DES MOINES, Iowa — Iowa’s high court said Wednesday that the state may refuse to allow Planned Parenthood to conduct sex education programs funded by federal grants, reversing a judge’s ruling last year that found the law unconstitutional.
The Iowa Supreme Court found the 2019 law passed by the Republican-controlled Legislature is constitutional, rejecting Planned Parenthood of the Heartland’s complaint that the law violated its right to equal protection and that the law served no rational legitimate government interest.
State court Judge Paul Scott ruled in May 2020 that Planned Parenthood would likely prevail at trial on its equal protection claim and he blocked the law’s implementation. The state appealed.
The six justices appointed by Republican governors agreed that the Iowa Legislature could have reasonable concerns that allowing an abortion provider to teach sex education could undermine its goals of promoting abstinence and reducing teenage pregnancy.
“The state could also be concerned that using abortion providers to deliver sex education programs to teenage students would create relationships between the abortion provider and the students the state does not wish to foster in light of its policy preference for childbirth over abortion,” the majority of justices said in an opinion written by Justice Dana Oxley, an appointee of Gov. Kim Reynolds, who signed the bill into law.
The court concluded that Planned Parenthood’s practice of providing abortions would not be affected by the state’s refusal to give it grant money for sex education programs.
The court’s lone Democratic appointee, Justice Brent Appel, disagreed in a dissenting opinion that said the legislature “through unconstitutional conditions in these statutes is trying to accomplish indirectly what it cannot do directly: namely, attack abortion rights.”
The law expressly prohibited for the first time an abortion provider from receiving the grant money to teach sex education in the Community Adolescent Pregnancy Prevention Program administered by the Iowa Department of Human Services and the Personal Responsibility Education Program administered by the Iowa Department of Public Health.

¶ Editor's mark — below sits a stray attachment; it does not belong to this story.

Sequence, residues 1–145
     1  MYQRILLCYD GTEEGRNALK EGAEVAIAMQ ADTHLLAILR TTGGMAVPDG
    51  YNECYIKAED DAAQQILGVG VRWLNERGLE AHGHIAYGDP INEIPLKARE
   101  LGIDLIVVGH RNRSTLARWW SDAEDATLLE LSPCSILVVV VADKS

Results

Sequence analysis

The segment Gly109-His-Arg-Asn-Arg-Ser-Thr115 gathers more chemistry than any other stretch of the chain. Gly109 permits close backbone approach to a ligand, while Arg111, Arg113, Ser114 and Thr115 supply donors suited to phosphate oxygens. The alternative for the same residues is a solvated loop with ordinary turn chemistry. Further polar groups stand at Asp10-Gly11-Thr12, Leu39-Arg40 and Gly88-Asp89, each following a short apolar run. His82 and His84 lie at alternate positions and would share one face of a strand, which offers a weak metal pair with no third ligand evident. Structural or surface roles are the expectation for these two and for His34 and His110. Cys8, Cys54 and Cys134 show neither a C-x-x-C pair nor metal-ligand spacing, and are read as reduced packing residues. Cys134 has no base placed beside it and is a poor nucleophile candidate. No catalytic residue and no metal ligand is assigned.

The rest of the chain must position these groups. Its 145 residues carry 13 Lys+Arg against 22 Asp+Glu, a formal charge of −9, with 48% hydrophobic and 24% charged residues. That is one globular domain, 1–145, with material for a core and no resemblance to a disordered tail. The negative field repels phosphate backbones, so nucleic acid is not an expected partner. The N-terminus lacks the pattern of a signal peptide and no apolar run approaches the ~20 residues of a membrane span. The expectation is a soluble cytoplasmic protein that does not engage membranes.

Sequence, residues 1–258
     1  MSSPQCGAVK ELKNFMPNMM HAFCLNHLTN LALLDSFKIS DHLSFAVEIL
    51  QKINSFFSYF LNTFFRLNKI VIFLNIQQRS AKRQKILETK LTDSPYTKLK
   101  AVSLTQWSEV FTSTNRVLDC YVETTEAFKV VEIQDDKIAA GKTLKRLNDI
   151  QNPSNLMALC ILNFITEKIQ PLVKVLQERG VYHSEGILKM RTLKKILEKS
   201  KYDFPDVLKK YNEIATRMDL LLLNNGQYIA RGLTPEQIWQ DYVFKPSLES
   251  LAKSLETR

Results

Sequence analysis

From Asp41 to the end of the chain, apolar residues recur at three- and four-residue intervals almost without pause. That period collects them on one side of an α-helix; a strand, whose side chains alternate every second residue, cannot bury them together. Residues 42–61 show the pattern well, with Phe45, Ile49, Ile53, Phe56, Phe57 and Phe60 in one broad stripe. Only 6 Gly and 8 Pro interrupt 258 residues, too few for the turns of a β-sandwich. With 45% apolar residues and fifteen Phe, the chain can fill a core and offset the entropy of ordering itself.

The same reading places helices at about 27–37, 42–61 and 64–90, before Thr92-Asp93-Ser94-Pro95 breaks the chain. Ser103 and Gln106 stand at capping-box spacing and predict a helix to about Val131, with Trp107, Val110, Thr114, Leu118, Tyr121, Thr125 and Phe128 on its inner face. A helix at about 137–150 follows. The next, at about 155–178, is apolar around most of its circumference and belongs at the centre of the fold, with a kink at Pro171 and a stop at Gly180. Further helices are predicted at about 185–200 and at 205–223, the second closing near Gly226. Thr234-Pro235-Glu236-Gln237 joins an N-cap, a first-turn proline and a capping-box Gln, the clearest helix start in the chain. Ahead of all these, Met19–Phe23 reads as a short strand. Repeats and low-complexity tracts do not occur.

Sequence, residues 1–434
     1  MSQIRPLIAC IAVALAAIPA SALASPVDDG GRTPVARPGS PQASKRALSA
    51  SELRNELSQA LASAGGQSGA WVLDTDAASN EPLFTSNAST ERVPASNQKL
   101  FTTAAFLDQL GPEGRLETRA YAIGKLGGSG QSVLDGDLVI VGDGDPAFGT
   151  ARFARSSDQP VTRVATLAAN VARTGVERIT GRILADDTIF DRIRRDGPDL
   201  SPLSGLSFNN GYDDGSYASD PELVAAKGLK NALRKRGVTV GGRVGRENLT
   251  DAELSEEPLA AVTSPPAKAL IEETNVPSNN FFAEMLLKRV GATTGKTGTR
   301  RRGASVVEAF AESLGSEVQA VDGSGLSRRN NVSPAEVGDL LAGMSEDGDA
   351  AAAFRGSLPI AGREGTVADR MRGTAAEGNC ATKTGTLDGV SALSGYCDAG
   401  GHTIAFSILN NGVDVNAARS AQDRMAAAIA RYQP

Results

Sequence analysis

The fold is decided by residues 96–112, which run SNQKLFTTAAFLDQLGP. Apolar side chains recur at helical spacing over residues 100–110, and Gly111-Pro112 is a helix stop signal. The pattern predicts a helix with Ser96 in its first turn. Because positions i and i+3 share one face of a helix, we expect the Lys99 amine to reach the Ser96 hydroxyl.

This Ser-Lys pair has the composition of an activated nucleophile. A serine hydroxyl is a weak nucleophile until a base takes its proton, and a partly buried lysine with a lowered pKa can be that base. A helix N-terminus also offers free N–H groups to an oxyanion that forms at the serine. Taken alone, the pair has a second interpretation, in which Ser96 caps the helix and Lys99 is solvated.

Planned Parenthood had received the funding for years. As a condition of the grants, recipients must use state-selected educational materials that do not allow discussion of abortion. The funds for the programs are prohibited from being used to support abortion-related services. In the case, the state had agreed that Planned Parenthood has neither used grant funding for abortion-related services nor discussed abortion as part of the educational programming.
Regardless, the court concluded that the legislature could have passed the law “out of concern that its message could be diluted if PPH, the primary abortion provider in the state, delivered the state-sponsored sexual education programs.”
Planned Parenthood said in a statement that it has received the funding since 2005 and has used Iowa’s state-approved curriculum to provide sex education to tens of thousands of Iowa youth. The organization currently provides sex education at more than 30 schools and 15 community-based youth-serving organizations across Iowa.
“We are disappointed that the law was upheld because we understand the harm to young Iowans that will result from this decision. We were privileged to support Planned Parenthood in the vital work they do every day to empower Iowans with sex education and teen pregnancy prevention programming,” said Rita Bettis Austen, legal director for the ACLU of Iowa, which provided legal support in the case.
Reynolds, in a statement, called the ruling “a strong statement in support of the idea that taxpayer dollars should not fund abortion.” She said she is “proud to be a pro-life governor who will protect all innocent life.”